— PROJECT NAME
Set voice/tone guidelines
Summer – Fall 2019
As part of the UX Writing Fundamentals course I took with UX Writers Collective, I was tasked with improving a fictional app called Handshake with user-friendly copy and follow uniform voice/tone guidelines.
Handshake is an app used by both freelancers and employers (business owners).
Freelancers use it to bill business owners and track their progress on a paid project they're hired to work on (billing and tracking). Business owners use it to pay freelancers and track their progress (paying and tracking).
This project provided me with two user personas which gave me an idea on the types of users I’m reworking the Handshake app for.
One is a young adult woman who does freelance web design while the other is a man in his early 60s who owns a business but is not as confident with technology.
This information is helpful because the Handshake would be used by both user personas so crafting copy that appeal to them both is important.
I conducted competitive analysis and looked up several real-life competitor apps (like Upwork, Skrill and Fiverr) that appeal to similar user personas. I took notes of how their UI copy were crafted for their users.
I also used Google Trends to continue my research. For example, I also researched what types of words and terminology each user persona would typically use so that the UX copy — that I will eventually recommend in the Handshake app — makes sense to them.
Among the commonly-used and preferred terms I found while conducting research include:
By also looking into my competitor analysis research, I developed the three tones that would make Handshake’s overall voice:
Empathetic, not robotic
Acknowledge the user’s progress with encouragement and guidance. Don’t make the experience feel like it’s all just a transaction and nothing more.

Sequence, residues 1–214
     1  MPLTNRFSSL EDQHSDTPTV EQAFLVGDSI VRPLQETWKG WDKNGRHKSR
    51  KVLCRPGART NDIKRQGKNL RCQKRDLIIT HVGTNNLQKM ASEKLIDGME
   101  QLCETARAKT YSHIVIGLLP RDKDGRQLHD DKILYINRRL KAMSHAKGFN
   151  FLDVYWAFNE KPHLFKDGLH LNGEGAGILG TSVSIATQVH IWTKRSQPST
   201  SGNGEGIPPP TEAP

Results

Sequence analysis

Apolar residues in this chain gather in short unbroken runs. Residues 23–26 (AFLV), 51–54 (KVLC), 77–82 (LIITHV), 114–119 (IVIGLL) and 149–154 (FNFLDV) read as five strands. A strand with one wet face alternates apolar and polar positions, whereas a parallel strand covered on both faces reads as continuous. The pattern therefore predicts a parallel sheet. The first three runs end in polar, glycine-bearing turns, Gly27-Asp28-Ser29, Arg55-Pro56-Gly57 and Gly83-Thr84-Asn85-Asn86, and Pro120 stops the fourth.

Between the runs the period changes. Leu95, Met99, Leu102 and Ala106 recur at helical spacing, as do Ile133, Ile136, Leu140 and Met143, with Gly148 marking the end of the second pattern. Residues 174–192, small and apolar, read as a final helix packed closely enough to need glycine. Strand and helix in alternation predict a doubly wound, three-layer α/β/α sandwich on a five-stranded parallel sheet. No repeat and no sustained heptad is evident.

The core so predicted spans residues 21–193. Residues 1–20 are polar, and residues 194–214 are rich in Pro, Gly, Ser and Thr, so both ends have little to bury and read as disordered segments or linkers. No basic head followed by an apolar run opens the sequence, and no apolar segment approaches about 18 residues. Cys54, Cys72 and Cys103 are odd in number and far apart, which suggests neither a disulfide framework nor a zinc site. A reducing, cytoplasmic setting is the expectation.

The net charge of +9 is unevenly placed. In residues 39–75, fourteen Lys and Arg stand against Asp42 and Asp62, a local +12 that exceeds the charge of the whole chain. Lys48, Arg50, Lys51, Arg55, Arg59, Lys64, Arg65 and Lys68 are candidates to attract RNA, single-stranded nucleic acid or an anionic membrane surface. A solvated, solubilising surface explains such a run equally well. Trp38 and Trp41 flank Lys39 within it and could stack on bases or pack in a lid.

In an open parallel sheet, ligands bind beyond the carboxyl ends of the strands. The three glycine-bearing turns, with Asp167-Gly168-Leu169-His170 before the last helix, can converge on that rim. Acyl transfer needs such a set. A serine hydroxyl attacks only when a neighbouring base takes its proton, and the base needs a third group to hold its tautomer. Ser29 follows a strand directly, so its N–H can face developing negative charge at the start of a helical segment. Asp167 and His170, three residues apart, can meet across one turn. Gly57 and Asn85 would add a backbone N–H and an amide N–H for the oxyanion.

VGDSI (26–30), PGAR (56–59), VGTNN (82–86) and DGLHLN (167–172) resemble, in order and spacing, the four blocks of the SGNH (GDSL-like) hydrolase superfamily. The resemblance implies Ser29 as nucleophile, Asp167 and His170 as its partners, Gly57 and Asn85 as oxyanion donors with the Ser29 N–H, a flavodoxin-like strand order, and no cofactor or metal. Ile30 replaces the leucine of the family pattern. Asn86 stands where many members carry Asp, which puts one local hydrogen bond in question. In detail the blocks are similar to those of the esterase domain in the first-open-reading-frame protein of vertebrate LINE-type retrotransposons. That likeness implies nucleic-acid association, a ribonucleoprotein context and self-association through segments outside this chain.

Accessible, not exclusionary
Appeal to both user personas, instead of just one. Inclusivity comes with productivity.
Driven, not aggressive
Inspire the user to feel motivated. Instead of making a user feel bad for falling behind, give them the information they need to get back on track.
EDITING UX COPY
The project’s instructions, user personas and my research influenced how I edited the initially-provided UI copy to make Handshake a more user-friendly app.
The following are some examples of the screens I rewrote and as labeled, certain screens are for a user who is an employer while other screens are for a user who is a freelancer.
- Fixed spelling, capitalization and grammar errors
- Used helpful hints in blank fields so the user knows what to type in (using hint text helps reduce copy on a screen)
- Used step numbers (to tell user how many steps there are and not have them wondering how long the setup process could take)
- Made the copy sound sharper with action verbs ("Create…" / "Select…" / "Invite…") as opposed to having questions at the top of the screens (as shown in the Before example)
- Made more concise CTA copy
- In the third screen, I edited "Pay this!!" (which sounded excessive and may cause alarm to the user) to "Pay"
- In the pop-up window, I made sure the “Pay” CTA matched the headline “Paying a bill?” so the user knows what exactly they’re about to do. “Cancel” sounds ambiguous so I opted for “Never mind”.
- Ensured the format for dates, hours and monetary amounts stayed uniform
Conducting UX research like competitor analysis, tracking industry trends/keywords, determining the product’s voice guidelines are critical in informing the UX writing process. Research helped me determine how to best rewrite the app’s copy for its user types and understand how they could use Handshake.
While this was a fictional app as part of a UX writing course, it offered me valuable insight into how a UX writer works behind the scenes to conduct research and improve copy.